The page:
All this to say that prior to Executive Order 20-37, Governor Holcomb ordered the wearing of face coverings in particular scenarios on at least two other occasions. Your Facebook friends, Indiana Attorney General Curtis Hill, and law enforcement officials raised not a peep in protest to those orders. This might suggest that the grievances aired regarding Executive Order 20-37 are not truly based in questions of the Governor’s ability, but rather are childish hissyfits in response to the Governor’s ability now applying to the general population rather than only minimum wage workers in assorted retail environments. Folks complain because the Governor’s established ability now affects them.
But let’s assume, for the sake of argument, that folks have genuine curiosity regarding the constitutionality of Executive Order 20-37, and go from there.
According to Indiana Code 10-14-3-11 (a law created and duly enacted by the Legislature), “The governor has general direction and control of the agency and is responsible for carrying out this chapter. In the event of disaster or emergency beyond local control, the governor may assume direct operational control over all or any part of the emergency management functions within Indiana.” Note the “all” and “any”. With respect to what, specifically, the governor can do, Indiana Code 10-14-3-11 (b)(2) states that the Governor can “Make, amend, and rescind the necessary orders, rules, and regulations to carry out this chapter with due consideration of the plans of the federal government.” The only due consideration necessary is consideration for the federal government, which our President is also now supporting wearing masks. And finally, with respect to specific actions the Governor can take, 10-14-3-11(b)(3) grants the Governor clear ability to “Take any action and give any direction to state and local law enforcement officers and agencies as may be reasonable and necessary for securing compliance with this chapter and with any orders, rules, and regulations made under this chapter.”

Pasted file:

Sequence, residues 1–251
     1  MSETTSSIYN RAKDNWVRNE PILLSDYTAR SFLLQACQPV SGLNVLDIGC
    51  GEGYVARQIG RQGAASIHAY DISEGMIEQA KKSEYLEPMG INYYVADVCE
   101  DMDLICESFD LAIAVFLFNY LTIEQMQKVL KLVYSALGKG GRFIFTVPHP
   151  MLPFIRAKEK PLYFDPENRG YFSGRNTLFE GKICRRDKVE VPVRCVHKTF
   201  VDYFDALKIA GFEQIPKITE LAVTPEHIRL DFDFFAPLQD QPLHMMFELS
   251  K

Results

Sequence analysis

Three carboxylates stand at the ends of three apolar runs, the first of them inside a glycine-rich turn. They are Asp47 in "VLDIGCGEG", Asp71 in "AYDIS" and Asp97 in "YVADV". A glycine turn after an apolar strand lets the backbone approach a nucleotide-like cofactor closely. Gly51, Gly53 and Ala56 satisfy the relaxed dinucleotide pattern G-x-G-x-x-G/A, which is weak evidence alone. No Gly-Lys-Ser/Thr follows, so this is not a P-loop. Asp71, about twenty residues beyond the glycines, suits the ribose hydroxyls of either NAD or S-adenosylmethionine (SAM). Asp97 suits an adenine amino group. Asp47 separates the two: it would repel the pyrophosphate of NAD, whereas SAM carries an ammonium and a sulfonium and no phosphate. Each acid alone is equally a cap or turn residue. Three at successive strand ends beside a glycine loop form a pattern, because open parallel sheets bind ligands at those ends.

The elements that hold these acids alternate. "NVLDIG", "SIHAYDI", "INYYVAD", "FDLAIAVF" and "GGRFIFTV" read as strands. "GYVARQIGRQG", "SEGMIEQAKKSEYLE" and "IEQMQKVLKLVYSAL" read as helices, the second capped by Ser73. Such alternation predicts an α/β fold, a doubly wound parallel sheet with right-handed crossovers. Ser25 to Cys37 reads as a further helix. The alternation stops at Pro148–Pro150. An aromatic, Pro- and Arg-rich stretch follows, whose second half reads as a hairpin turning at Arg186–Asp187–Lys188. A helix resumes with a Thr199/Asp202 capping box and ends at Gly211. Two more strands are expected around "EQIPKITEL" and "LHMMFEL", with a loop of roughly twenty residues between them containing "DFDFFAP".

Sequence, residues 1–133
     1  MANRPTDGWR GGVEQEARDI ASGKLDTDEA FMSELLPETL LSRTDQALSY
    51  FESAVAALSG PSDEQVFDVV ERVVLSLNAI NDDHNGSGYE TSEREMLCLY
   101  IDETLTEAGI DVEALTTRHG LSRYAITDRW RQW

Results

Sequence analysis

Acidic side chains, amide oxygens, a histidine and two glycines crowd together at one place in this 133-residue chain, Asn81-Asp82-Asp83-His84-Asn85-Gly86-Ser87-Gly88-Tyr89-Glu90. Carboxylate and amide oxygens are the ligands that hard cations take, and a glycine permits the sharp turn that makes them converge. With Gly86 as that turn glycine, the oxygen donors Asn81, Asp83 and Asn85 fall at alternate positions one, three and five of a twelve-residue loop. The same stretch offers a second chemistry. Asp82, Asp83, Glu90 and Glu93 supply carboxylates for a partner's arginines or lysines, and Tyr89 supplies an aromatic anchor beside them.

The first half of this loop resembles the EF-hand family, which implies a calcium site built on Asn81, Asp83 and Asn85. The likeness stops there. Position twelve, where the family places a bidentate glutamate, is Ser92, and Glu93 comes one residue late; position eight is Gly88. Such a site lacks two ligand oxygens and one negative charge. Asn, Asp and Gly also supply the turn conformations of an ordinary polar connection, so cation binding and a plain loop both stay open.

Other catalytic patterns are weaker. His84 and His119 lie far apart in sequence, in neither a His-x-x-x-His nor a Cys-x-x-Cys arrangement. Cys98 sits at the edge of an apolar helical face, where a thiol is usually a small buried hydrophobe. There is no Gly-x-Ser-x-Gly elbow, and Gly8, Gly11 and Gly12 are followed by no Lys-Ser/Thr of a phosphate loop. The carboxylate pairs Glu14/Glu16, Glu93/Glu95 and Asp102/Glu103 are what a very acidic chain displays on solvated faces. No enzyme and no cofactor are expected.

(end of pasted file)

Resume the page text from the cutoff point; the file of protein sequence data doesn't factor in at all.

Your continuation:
Governor Eric Holcomb can give any direction to law enforcement necessary to secure your compliance with any orders, rules, and regulations he issues, according to Indiana Law, section 10-14-3-11.
To put a bow on it, we should note that the whole “B misdemeanor” thing comes about as a result of not Governor Holcomb’s Executive Order, but rather the text of Indiana Law which was created by the Legislature. 10-14-3-34 states that “A person who knowingly, intentionally, or recklessly violates this chapter commits a Class B misdemeanor.” Violation of Holcomb’s mask direction, and technically any violation of any component of his Executive Orders issued in compliance with 10-14-3, is a Class B Misdemeanor because Indiana’s Legislature made a law that says so. Call your Legislator if you disagree.
Having summarized Executive Order 20-37, established Holcomb’s mask requirement precedents, and explained the basic functionality of Indiana’s Emergency Management and Disaster Law, 10-14-3, we can now apply what we have learned to Attorney General Hill’s Opinion on the matter.
In his official opinion, Attorney General Hill correctly stated that the Emergency Management and Disaster Law, Indiana Code 10-14-3, “does not provide specifically the authority to the governor to enact a mask mandate.” Because of course it does not provide that specific authority. Instead, Indiana Code 10-14-3-11 (b)(2) grants the Governor a practically open-ended ability to “Make, amend, and rescind the necessary orders, rules, and regulations to carry out this chapter” . It would be impractical for the Indiana Legislature to specifically list all conceivable orders, rules, and regulations a hypothetical governor might need to combat a hypothetical emergency.